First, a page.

One house doesn’t fit all
As humans, we have a distinct ability to adapt to our surroundings, times or social habits. This project aims to analyse this ability, through studies of the ever-changing relationship between labour and domesticity in our lives, and the changing approaches that we have to our private and public lives.
With the theme of adaptability and flexibility, the project tries to imagine how the built environment could change and shift over time, evolving with ourselves, to allow an intricate community to inhabit and claim its neighbourhood.
The thesis aims to provide flexibility and adaptability throughout a range of scales, from adaptable partition walls within apartments, the opportunity to adapt and inhabit thresholds in communal areas to the assumed possibility of inhabitants claiming as much space as is needed.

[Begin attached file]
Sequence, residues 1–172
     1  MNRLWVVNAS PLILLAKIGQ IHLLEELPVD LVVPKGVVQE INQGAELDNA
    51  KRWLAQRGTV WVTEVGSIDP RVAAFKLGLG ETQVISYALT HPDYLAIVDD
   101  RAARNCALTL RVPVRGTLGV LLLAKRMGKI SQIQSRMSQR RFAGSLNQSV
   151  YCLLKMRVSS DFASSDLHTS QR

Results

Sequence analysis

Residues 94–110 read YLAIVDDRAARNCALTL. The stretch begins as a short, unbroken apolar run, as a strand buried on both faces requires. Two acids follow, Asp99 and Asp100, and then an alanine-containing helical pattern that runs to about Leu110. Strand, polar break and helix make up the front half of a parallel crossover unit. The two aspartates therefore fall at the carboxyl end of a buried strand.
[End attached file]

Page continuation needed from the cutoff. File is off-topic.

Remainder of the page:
Currently, over 60% of the population has a possibility of working from a desk – an opportunity that can often be accommodated within domestic settings. However, it is important to recognise that with an increasing amount of home working caused by the pandemic, there is a necessity of space to become flexible for 100% of us. Speculating about the future of living and working, the project aims to respond to these needs by creating several communal working spaces, ranging from the district library, co-working office and workshops located in the courtyard. Within the new dwelling, the craft can be present, merging the new domestic setting with a long tradition of skilled labour on site.